Unfortunately, when it comes to HIPAA compliance, a false sense of security can be dangerous. The violation fines for not following the guidelines enforced by the Department of Health and Human Services’ Office for Civil Rights are costly and can irreparably damage your practice’s reputation. In 2018 alone, HIPAA fines topped $28 million. By not properly protecting your electronic health records, you increase the likelihood of a cyberattack. Being hacked might strike you as a random, unlikely occurrence, but statistics tell a different story. According to a 2016 Lloyd’s Report, 92% of businesses experienced a data breach within a five-year period.

A Complete HIPAA Solution

PCIHIPAA is an industry leader in HIPAA compliance and data breach protection. We alleviate the angst and uncertainties associated with HIPAA compliancy with a powerful tool called OfficeSafe. Here’s how our software solution fully protects HIPAA electronic medical records:

  • Comprehensive Risk Assessment – A risk assessment is an annual audit required under the HIPAA Security Rule. Our audit of your practice’s protected health information produces a 22-page report, identifying the potential risks and vulnerabilities to your practice.
  • Easy Creation of Policies and Procedures – HIPAA regulatory standards mandate that covered entities and business associates develop policies and procedures. OfficeSafe makes regularly updating your policies and procedures easy, ensuring that your staff is informed on important issues such as governing access to electronic public health information and identifying malicious software attacks.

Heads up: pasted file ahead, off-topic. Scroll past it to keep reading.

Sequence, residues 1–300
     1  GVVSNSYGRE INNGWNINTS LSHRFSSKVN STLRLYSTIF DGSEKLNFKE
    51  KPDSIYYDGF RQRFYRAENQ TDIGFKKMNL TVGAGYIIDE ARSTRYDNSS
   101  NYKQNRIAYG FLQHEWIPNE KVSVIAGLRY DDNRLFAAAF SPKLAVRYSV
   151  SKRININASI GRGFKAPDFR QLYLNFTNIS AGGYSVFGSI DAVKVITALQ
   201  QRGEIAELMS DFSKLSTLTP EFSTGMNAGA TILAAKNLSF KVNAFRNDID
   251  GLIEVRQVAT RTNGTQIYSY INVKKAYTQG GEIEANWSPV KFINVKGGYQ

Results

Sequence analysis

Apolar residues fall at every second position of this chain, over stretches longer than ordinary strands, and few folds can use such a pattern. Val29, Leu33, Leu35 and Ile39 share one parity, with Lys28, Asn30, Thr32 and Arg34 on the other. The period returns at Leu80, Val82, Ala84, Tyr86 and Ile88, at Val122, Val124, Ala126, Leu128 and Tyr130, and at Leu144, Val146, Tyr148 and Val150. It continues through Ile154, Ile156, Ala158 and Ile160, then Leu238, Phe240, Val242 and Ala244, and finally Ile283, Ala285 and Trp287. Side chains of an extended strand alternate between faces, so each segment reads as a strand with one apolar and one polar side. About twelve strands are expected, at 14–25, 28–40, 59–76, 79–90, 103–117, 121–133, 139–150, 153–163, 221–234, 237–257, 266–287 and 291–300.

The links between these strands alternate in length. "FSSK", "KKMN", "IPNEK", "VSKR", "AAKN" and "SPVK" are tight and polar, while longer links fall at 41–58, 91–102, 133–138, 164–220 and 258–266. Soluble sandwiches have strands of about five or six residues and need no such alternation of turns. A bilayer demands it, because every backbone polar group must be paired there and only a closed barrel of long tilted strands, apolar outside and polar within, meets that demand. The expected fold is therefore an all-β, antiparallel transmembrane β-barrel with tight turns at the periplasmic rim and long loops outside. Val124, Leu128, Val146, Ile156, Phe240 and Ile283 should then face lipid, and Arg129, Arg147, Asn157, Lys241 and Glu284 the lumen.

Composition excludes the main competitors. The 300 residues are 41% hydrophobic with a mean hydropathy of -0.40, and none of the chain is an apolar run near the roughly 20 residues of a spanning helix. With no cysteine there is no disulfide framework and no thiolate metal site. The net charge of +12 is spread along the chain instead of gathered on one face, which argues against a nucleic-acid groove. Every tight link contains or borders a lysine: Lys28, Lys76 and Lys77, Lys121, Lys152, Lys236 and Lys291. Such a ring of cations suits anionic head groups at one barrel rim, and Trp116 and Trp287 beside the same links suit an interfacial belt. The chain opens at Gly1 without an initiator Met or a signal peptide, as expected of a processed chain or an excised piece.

• Online Employee Training – Improperly trained employees can lead to reckless handling of electronic public health information and costly HIPAA fines. We take this time-consuming task off of your plate and ensure that your staff understands exactly what is required by HIPAA law.
  • Crucial Business Associate Agreements – Every vendor and individual you share protected health information with must have a business associate agreement. OfficeSafe makes creating and securely executing these agreements simple and convenient.
  • $500,000 Cyber Insurance Coverage – Our guaranteed expense reimbursement policy for HIPAA violations covers a range of first and third party exposures, including both physical and non-physical risks. In the event of a HIPAA fine, data breach, or cyberattack, we’ll protect your practice from lost revenue and prevent an interruption to your business.
  • Email Encryption and Encrypted Cloud-Based Data Backup – At PCIHIPAA, keeping your data secure is our top priority. Our data backup solution is HIPAA compliant with 256-bit encryption and SQL database restoration capabilities. It enables you to distribute confidential protected health information without worry of ransomware or an unexpected incident.
  • Incident Response Management – Do you have a plan in place in the event of a hurricane, fire, or ransomware attack? Proper preparation—including a data backup plan, a data restoration plan, and an emergency mode operations plan—is a necessity. With OfficeSafe, once you report an incident we’ll work with your IT provider to mitigate the damage and get your business back on track.
  • PCI Certification – PCI is part of our company name for a good reason. As part of our compliance program, we help you complete the Payment Card Industry (PCI) requirements. Our PCI Compliance program also includes quarterly scans of your network.

The dark web is getting smarter. The risk of not fully and properly securing and maintain your patient’s medical records is a mistake your business can’t afford to make. The good news is peace of mind for your practice and your patients is a click away. Take a complimentary HIPAA Assessment right now, and be on your way toward total HIPAA compliance.

Posted in: HIPAA